The bigger picture

  • Mark Patterson from PLoS, then gave an interesting talk, describing some of the new alternative impact metrics (some that PLoS now provides). He cited people such as Jason Priem (see alt-metrics: a manifesto) and commented that changing the focus from Journal to article, would change the publication process.
  • Gregg Gordon from SSRN also spoke of alternative methods to measure usage, and also noted the importance of context when thinking about usage.
  • Daniel Beuke from OA Statistik then gave a review of their project (very similar to PIRUS) set in Germany. It would be interesting to see how these two teams could work together. These projects (along with SURE) have worked together under the Knowledge Exchange’s Open Access Usage Statistics work (see here for their work on International interoperability guidelines).
  • Ross MacIntyre then spoke about the Journal Usage Statistics Portal, another JISC supported project
  • Paul Needham then gave us a demonstration of the functioning PIRUS database and we closed the day with a panel discussion.

Unfortunately, I felt not enough emphasis was placed on demonstrating the usefulness of PIRUS 2 and the data that it could potentially generate. The political side of the discussion would also have been very interesting to delve into further.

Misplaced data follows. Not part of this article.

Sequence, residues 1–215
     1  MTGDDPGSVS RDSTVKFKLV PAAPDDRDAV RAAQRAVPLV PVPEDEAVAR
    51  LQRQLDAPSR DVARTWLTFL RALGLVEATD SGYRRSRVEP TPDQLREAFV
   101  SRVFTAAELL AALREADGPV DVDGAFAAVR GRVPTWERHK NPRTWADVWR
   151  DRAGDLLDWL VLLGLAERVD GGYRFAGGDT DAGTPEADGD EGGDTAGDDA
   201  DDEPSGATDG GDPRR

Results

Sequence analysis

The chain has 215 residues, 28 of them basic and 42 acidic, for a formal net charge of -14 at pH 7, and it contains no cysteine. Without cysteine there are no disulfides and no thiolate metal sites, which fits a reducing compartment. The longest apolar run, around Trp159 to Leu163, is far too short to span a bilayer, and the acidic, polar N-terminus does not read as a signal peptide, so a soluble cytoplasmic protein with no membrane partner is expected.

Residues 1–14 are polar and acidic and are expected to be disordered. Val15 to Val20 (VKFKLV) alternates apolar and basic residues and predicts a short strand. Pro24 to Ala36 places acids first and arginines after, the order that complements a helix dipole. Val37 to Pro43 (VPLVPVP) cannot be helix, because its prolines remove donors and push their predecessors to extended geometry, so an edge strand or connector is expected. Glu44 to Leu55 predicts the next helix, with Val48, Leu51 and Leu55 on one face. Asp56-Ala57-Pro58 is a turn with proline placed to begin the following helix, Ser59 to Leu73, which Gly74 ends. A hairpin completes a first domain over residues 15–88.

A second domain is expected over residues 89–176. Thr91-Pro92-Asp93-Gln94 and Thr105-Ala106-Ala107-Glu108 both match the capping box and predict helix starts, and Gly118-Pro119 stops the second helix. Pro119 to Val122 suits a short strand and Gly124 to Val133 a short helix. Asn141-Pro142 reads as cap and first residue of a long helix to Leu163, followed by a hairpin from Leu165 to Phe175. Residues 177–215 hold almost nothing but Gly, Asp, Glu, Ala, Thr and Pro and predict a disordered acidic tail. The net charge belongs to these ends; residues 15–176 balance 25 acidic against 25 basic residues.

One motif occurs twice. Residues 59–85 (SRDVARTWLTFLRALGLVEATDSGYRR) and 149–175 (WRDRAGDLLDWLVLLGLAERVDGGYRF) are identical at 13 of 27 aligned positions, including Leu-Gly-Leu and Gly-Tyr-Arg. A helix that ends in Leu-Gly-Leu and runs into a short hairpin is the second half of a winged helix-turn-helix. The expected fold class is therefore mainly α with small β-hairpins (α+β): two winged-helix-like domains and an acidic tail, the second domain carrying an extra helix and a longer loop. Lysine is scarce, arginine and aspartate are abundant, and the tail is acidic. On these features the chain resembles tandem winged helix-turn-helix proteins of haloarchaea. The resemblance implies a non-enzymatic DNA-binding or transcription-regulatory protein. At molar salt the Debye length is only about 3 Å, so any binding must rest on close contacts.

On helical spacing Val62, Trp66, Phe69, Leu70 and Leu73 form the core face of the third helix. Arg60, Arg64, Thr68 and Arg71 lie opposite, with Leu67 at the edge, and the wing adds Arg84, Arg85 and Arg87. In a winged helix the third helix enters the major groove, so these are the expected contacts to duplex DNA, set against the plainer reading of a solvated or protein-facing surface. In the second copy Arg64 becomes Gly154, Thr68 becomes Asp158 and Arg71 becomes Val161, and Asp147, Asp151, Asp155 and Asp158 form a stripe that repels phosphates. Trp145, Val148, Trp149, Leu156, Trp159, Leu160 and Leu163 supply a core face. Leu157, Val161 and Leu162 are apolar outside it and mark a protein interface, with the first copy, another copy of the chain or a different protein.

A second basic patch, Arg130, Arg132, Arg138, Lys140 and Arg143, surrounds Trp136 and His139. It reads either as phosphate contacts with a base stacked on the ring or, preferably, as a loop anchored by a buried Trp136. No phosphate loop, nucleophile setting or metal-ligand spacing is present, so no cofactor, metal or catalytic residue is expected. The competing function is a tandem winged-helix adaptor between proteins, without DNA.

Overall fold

Interesting things that kept popping up:

  • The importance of standardisation of author and research names (ORCID)
  • The need for metadata description standard (e.g. whether the paper is peer reviewed)
  • And the need for all publishers to use DOIs

Some of the questions I’m still thinking about:

  • Are publishers really willing to share this data?
  • What can a publisher really gain from this type of collation of usage data? And a repository?
  • To make it most useful everyone would need to contribute (and have access?) What would be the competitive advantage to having access to this data if everyone has access?
  • We now know it is technically feasible, but is it economically and politically feasible?
  • Are we ready to place value on these alternative metrics of usage (i.e. not Journal Impact Factor)? Who says we are ready? Are institutions ready? Will this usage data count as impact in the REF?
  • What about other places people put articles – personal web pages, institutional web pages, etc. – could this data be included?
  • What about including data from the downloads of briefing papers, working papers, and preprints? Doesn’t usage of these also signify impact?

Complexity of Stakeholders

Open Access and other developments in research and education have often been inaccurately characterised as taking place between two opposed “sides” – between publishers and institutions or their libraries.

Quite apart from the combatative nature of such a characterisation, such a picture is not helpful because of the complexity of even these two stakeholder groups (let alone the funders, and the researchers as the key players in research).